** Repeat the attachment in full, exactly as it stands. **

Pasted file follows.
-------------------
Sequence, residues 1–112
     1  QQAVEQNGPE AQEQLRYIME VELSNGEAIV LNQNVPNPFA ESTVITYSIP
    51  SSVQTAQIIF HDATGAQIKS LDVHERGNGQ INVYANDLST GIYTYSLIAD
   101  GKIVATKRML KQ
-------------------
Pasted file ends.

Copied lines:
Sequence, residues 1–112
     1  QQAVEQNGPE AQEQLRYIME VELSNGEAIV LNQNVPNPFA ESTVITYSIP
    51  SSVQTAQIIF HDATGAQIKS LDVHERGNGQ INVYANDLST GIYTYSLIAD
   101  GKIVATKRML KQ